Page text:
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To the editor:
Mayoral candidate Fred Keeley cannot be trusted to run our city.
He is someone who in the past has contributed to the normalization of political corruption.
This path began in April 1995, while he was chair of the Santa Cruz County Board of Supervisors and approved and signed Resolution #114-95 The resolution procedurally exonerated then-District Attorney Art Danner for directing the then-Assistant District Attorney Catherine Gardner to falsify her timecards. Gardner had been placed on leave after being caught inhaling cocaine. But her timecards showed her as “unavailable.”
The timecard falsification occurred while Danner was running for reelection. But the public did not learn about it until after the election. Keeley’s resolution made it all go away.
Does anyone today believe the election context was irrelevant? For raising the issue, his opponent was accused of “sour grapes” in a Sentinel editorial at the time.
Keeley also became the gung-ho promoter of Superior Court Judge Ariadne Symons’ 2020 reelection. She is a judge who has proven and been reprimanded for her flawed judgement in numerous cases, including when she tried to “fix” her own ticket for running a red light.
Keeley might be environmentally and/or socially aware and an effective bureaucrat, but he did not stand up and recognize or respond to abuse of power — the single most important act for a political leader.
After the California Commission on Judicial Performance censured Symons on May 8, 2019, Keeley penned and pushed a post-censure, “alternative facts” revisionist history “statement of support”, insisting Symonds is “ a person with impeccable ethics and always places service above self.” It is signed by a stunning list of prominent community leaders, including 18 former and current elected officials, 12 members of the legal community, four members of the law enforcement community and 10 community leaders.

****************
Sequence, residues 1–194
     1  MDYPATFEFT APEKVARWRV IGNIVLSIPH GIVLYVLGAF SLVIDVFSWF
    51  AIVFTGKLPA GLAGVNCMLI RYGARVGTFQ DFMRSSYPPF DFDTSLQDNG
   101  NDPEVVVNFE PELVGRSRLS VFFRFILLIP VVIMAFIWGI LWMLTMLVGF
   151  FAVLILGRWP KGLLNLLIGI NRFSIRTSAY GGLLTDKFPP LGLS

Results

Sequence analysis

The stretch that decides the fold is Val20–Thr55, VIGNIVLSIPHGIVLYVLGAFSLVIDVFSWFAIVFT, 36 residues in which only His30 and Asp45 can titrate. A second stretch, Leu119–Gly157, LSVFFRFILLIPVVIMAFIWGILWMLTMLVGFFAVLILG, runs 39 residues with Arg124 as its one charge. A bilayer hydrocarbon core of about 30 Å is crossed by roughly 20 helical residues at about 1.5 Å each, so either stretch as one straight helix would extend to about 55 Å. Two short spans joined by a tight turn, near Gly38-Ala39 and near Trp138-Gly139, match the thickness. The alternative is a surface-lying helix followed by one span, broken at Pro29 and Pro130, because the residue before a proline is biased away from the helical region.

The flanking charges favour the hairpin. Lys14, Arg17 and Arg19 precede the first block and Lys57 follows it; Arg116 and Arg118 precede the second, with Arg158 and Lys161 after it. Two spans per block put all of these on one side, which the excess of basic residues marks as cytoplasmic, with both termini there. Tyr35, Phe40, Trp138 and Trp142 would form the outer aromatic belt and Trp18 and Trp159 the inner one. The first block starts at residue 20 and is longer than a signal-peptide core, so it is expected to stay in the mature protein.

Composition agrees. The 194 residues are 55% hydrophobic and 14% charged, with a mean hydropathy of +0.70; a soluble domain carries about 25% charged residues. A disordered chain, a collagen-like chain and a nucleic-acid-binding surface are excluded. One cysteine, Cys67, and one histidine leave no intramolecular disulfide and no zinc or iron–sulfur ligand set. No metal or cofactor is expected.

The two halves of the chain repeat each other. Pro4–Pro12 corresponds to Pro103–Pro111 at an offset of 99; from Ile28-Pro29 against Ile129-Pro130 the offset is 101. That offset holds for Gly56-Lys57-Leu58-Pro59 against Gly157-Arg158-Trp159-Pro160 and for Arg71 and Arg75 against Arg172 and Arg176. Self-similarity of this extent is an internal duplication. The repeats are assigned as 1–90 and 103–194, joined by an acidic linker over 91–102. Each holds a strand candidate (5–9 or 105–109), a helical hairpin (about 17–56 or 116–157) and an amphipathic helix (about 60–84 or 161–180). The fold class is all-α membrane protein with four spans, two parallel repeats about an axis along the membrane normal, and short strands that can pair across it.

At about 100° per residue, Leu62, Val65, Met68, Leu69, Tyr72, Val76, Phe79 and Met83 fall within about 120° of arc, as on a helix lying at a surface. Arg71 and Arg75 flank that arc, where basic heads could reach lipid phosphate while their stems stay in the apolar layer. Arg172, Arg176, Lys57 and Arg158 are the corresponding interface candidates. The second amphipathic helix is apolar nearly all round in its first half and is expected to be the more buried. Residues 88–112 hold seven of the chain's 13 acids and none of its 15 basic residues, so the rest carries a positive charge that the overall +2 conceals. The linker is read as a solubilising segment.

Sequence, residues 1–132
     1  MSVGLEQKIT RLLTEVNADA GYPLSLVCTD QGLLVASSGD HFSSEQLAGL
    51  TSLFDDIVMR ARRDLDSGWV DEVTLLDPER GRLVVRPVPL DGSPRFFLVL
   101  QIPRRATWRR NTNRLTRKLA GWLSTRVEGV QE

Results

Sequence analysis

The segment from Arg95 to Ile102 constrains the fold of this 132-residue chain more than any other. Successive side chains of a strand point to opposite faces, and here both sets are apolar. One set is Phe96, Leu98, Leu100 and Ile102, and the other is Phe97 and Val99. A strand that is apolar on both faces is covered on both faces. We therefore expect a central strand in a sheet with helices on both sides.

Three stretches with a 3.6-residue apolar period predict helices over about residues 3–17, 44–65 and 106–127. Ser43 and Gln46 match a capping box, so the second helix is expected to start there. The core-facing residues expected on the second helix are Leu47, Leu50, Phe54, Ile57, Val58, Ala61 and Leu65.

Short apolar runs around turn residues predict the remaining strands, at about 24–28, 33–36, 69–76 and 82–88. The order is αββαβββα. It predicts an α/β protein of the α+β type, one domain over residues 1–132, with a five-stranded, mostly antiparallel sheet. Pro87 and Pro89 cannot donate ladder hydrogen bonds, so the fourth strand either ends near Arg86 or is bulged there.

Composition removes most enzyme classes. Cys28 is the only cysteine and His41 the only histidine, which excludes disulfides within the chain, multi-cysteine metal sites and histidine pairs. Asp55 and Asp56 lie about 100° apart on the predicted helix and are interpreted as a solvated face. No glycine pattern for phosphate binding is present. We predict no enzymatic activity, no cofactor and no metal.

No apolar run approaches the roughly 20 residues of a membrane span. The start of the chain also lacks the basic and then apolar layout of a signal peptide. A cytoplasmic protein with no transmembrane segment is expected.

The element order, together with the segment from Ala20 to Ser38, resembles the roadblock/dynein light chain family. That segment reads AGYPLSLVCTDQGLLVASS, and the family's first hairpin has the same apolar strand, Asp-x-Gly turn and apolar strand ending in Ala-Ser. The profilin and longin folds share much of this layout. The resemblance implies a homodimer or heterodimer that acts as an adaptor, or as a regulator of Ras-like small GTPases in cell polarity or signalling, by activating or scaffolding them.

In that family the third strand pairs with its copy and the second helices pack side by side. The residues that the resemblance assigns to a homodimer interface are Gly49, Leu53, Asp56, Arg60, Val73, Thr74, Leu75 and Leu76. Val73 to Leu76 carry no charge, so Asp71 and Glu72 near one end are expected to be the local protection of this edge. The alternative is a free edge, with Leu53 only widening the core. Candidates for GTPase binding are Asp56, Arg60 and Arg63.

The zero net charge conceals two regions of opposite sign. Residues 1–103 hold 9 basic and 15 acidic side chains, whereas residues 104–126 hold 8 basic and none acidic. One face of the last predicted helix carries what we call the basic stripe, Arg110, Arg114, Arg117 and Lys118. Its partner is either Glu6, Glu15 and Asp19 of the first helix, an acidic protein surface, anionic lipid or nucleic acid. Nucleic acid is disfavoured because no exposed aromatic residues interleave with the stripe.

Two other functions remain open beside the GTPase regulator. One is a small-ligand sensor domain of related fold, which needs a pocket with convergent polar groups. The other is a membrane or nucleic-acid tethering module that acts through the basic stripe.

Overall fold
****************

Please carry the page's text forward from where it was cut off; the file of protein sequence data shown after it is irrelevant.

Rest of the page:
Opposition arose to Symons and she dropped out, knowing she would have had to answer public questions about her flawed record.
It turned out not to be the slam-dunk Keeley anticipated. The pity of it is nobody cared then, and — it seems — nobody cares now.
Lookout asked Fred Keeley to respond to Lamonica’s letter. Here is what he said:
To the editor:
The author of this letter has been seeking revenge for an action years ago that got him crosswise with the then-district attorney.
Mr. Lamonica has been on this weird campaign for many, many years (important to note that the district attorney he is obsessed with died many years ago).
I am not his problem, he is his own problem.